As the end of session nears, an issue has cropped up that bears watching. Unlike in the recent past, the state legislature is balking at approving any requests by county governments across the state to increase the local share of the sales tax. In the past, when a local government transmitted what is known as a home rule request to the state legislature, which requires local approvals and a public hearing prior to its submission, the request has, with rare exception, been granted as a matter of courtesy to the local government making the request. In other words, since the local government held public hearings and voted in favor of the proposal, the state should defer to that local government as knowing what is best for its community. Given that the proposal or request can only have application within the boundaries of the local government, that made sense.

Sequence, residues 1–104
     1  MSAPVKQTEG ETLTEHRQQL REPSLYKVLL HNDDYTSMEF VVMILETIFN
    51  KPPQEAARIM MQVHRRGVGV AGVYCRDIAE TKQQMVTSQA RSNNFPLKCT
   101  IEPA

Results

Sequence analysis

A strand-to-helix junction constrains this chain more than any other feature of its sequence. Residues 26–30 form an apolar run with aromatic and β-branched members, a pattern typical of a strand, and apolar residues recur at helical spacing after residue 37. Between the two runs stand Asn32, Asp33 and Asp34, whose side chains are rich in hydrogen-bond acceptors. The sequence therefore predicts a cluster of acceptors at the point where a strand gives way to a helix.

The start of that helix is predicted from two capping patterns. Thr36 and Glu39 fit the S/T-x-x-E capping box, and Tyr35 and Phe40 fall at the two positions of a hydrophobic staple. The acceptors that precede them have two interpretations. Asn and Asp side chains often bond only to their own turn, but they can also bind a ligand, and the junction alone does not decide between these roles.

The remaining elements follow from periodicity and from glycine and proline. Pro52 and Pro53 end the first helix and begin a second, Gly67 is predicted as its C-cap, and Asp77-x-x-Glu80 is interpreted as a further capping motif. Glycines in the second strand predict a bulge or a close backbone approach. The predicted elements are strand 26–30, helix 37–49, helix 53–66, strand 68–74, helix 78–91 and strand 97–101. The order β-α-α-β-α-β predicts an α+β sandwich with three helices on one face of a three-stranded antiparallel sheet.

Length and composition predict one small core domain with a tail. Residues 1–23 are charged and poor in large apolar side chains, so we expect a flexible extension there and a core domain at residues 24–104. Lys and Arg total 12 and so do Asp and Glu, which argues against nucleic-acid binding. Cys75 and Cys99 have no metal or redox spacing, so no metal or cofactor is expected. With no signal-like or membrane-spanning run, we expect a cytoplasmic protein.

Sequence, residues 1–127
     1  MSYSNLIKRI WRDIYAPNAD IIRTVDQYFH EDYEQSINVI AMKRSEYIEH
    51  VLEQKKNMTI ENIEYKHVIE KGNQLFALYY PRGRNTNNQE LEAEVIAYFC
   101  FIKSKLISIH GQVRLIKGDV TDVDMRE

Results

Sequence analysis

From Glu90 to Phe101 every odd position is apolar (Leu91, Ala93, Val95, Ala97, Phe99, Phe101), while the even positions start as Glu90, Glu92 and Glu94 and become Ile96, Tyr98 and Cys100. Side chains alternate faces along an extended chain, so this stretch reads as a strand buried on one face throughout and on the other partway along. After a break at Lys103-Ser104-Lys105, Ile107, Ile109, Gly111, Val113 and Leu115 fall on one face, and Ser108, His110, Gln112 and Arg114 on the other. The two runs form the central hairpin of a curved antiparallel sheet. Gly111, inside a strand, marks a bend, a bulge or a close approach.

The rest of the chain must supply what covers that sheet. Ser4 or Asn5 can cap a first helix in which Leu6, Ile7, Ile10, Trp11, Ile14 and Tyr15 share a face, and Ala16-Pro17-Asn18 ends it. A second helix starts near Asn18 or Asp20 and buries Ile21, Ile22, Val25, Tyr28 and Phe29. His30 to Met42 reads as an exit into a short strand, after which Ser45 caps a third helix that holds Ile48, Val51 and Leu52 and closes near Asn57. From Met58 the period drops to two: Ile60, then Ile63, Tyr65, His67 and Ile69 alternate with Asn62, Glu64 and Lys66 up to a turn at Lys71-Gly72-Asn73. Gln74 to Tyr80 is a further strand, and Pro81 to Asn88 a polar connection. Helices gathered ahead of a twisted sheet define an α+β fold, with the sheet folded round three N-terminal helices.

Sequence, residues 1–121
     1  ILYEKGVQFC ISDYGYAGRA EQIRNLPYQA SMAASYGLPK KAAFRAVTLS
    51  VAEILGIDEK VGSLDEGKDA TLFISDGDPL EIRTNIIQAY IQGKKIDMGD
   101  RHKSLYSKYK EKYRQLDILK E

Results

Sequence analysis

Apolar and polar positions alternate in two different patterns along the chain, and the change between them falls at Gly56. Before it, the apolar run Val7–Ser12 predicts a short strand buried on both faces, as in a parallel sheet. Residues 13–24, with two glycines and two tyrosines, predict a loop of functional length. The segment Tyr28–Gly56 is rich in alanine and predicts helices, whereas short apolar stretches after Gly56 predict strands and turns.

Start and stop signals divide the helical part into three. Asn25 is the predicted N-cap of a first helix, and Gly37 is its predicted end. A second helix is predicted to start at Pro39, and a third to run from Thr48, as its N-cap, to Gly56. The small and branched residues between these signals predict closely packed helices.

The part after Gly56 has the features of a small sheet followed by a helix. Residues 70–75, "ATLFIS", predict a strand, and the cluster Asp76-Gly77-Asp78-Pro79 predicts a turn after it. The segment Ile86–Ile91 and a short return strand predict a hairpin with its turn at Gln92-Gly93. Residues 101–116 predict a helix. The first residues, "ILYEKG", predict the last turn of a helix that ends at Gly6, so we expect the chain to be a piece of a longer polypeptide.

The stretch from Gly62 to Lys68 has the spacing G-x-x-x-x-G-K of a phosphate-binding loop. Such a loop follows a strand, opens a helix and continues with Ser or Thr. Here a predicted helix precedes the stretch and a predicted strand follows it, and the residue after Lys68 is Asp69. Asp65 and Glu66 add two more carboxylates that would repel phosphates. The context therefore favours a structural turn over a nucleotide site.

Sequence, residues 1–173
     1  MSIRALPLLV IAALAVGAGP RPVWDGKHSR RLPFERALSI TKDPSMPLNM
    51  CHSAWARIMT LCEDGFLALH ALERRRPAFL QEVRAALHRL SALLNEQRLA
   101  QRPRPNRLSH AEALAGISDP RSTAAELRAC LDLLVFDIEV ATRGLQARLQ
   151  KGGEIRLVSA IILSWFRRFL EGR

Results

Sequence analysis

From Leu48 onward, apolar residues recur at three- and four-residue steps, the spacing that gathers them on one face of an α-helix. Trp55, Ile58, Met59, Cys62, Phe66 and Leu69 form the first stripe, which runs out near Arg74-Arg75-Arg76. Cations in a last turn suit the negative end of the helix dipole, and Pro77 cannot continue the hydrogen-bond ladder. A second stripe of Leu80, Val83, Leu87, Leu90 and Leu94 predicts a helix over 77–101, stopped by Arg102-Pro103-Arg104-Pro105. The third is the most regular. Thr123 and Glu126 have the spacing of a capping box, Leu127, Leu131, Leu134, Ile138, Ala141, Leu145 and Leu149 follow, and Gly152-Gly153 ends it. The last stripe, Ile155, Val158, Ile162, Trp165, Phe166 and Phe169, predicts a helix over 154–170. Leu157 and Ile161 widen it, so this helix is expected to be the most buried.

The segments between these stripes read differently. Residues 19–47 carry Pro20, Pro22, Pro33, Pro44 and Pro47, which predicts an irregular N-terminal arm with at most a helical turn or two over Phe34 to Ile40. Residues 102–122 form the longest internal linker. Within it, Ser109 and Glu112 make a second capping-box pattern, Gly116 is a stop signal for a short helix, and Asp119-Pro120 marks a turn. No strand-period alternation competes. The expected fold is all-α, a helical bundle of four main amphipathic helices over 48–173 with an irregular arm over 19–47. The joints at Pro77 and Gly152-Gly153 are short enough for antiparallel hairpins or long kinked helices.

Now, it seems, the state legislature is abandoning the concept of allowing local governments to handle local matters and instead is imposing its policy goals onto local governments. Given that all local governments, including county governments, are subjected to the property tax cap, but still must grapple with paying for state mandated programs, a county government must carefully consider all sources of revenue in addition to scrutinize the small portion of its budget attributable to discretionary spending. If, after undergoing that analysis, a county government requests an increase in its share of the sales tax, and has obtained the necessary approvals to make that request to the state legislature, should the state legislature be permitted to quash that effort or hold up the request?